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Life beyond right and wrong

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One of my favourite poems by Rumi begins: “Out beyond ideas of wrongdoing and rightdoing, there is a field. I’ll meet you there.”

It is pretty commonly accepted these days that guilt, shame and depression have a detrimental effect on health and wellbeing. But how aware are we of the root cause of these modern day scourges of humanity? How many people can see that it is how we have been trained to think about ourselves and each other: as separate, deficient, unworthy, that stimulates our unhappiness?

Language both informs and reveals the thinking of a culture. The language that we in the West have been thoroughly indoctrinated with is that of right/wrong, good/bad, should/shouldn’t, victim/perpetrator – the moralistic language of judgement and blame, diagnosis and analysis, domination and demand, fault-finding and lack. It is all of this ‘programming’ that perpetuates low self-worth, dehumanises, separates, and renders us capable of inflicting harm on ourselves, each other and the planet we depend on for our lives.

Communication for Life is firmly grounded in the understanding that Wise Ones throughout time have been trying to help us realise: that each of us is existing as Life – whole, worthy, already OK. It teaches the principles and skills of Nonviolent Communication/NVC (named after Gandhi’s term ‘nonviolent’ to describe our natural compassionate state):

  • We are all compassionate by nature; violent strategies, physical or verbal, are learned behaviours taught and supported by the prevailing culture.
  • All humans share the same basic universal needs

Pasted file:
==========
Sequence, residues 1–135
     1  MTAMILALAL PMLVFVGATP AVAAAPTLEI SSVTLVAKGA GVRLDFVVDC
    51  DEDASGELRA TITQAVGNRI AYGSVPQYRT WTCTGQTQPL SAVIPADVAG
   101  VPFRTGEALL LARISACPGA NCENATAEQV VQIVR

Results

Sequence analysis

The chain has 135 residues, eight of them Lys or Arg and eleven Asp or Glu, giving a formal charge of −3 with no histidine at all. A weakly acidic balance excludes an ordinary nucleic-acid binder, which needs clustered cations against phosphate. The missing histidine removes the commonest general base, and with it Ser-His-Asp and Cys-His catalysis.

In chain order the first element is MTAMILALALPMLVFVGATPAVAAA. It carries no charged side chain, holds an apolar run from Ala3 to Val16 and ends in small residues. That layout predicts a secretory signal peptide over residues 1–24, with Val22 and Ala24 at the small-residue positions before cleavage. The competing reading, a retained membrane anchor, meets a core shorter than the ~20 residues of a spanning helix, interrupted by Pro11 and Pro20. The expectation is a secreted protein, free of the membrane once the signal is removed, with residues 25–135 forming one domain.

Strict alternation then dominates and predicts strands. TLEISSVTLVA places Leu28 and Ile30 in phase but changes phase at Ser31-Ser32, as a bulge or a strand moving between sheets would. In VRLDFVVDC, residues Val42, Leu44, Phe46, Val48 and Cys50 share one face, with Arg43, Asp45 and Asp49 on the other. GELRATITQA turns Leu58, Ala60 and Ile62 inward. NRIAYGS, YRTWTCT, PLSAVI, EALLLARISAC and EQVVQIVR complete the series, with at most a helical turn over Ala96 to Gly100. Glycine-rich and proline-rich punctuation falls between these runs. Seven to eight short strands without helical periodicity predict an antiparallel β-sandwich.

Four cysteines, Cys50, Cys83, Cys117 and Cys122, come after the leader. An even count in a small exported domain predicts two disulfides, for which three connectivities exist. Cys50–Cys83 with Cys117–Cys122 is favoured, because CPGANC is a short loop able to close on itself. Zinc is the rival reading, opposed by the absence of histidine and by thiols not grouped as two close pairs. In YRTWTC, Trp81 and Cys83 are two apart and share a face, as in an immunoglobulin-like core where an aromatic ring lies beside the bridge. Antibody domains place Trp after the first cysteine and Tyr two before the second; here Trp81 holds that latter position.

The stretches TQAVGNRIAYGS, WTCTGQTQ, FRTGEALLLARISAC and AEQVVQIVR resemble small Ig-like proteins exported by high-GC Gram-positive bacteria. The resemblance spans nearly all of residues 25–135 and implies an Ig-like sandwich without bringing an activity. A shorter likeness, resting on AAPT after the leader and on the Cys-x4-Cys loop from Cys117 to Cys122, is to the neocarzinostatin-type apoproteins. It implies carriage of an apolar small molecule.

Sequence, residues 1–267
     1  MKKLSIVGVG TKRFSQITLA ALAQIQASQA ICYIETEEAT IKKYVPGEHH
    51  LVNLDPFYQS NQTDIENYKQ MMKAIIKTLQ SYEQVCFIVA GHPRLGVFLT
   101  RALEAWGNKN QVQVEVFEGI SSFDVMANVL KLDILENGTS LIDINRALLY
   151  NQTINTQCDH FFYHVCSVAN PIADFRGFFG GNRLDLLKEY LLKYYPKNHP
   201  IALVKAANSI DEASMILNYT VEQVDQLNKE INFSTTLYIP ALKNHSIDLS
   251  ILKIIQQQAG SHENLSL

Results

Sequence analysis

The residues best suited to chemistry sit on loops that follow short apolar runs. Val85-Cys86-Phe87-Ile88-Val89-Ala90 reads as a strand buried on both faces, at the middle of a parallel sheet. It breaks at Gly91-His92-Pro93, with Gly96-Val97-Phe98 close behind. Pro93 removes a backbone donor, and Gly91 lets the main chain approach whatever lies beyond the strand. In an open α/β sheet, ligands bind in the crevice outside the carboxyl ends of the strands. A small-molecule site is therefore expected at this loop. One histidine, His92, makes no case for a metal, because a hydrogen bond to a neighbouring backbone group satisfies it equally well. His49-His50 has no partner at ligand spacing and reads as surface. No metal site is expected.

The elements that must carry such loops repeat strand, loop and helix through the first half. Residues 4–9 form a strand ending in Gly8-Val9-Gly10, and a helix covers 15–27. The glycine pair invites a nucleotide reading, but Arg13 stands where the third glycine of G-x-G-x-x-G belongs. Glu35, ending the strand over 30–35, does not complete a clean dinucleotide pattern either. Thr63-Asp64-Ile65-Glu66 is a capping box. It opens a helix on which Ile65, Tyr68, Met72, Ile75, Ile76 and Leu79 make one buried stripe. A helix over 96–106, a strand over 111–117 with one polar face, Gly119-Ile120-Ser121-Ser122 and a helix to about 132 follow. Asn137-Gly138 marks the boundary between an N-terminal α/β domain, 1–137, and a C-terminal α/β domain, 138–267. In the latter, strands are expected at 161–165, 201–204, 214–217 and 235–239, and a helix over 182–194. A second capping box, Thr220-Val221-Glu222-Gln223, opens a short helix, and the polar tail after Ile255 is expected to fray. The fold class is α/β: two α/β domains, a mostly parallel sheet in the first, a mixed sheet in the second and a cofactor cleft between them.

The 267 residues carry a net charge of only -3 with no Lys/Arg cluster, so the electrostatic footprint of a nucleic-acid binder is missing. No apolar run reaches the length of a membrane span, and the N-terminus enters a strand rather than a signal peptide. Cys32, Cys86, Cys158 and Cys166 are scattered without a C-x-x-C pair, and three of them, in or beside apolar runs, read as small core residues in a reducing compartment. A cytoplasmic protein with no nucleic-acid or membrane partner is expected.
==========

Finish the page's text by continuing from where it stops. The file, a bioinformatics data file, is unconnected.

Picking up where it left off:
• All actions are a strategy to meet one or more of our needs, and if we are aware of what those needs are, we have more choices of how to meet them.

I have come to have absolute faith in the assertion of Marshall Rosenberg, creator of NVC, that when how we are perceiving life is based on needs rather than right/wrong thinking, we are far more likely to be compassionate towards ourselves and others, and that this inspires ‘life-serving’ behaviour naturally. For example, when I’m doing my daily stretches because I think I ‘should’, my motivation is generally very shortlived, compared to when I connect with how deeply I would love to have ease and lack of pain in my body. Or, when my child repeatedly doesn’t do the dishes, there is much more likelihood of us coming to an agreement that works for both of us when the conversation is had outside of right and wrong and judgements like ‘lazy’, and instead I understand their need for ease and choice, and can express my need for support and consideration.

In Communication for Life workshops, it is common for people to react with fear and cynicism to the suggestion that humans would behave compassionately if we removed right and wrong from our thinking. This is understandable, given the cruelty and violence we see around and inside us. But, it is important not to mistake that which has become ‘normal’ for that which is ‘natural’.

Here’s an easy litmus test of the truth that compassion is our natural state: think about the last time you were kind or generous to yourself or another. How did you feel in your body? Now compare that to how you feel when you withhold, judge, blame or ‘be mean’. Which one feels more natural, open, relaxed – altogether pleasurable in the body?

There’s no doubt about it: imposing a moralistic code of ‘right and wrong’ on a society certainly does influence people’s behaviour. But what kind of ‘right’ do we want to be guided by? Do we want children to follow many adults’ example, and come to the conclusion that ‘right’ is just what you do when someone is watching, or do we want to give all humans the opportunity to cultivate a true sense of integrity, compassion and dignity?

If you are interested in feeling the joyful empowerment that comes of no longer being a puppet to the external sticks and carrots of society, and instead living by a profound, internally motivated integrity, the field beyond right and wrong is fertile ground for exploring that possibility.

 

Jocelyn Kennedy

3 Comments

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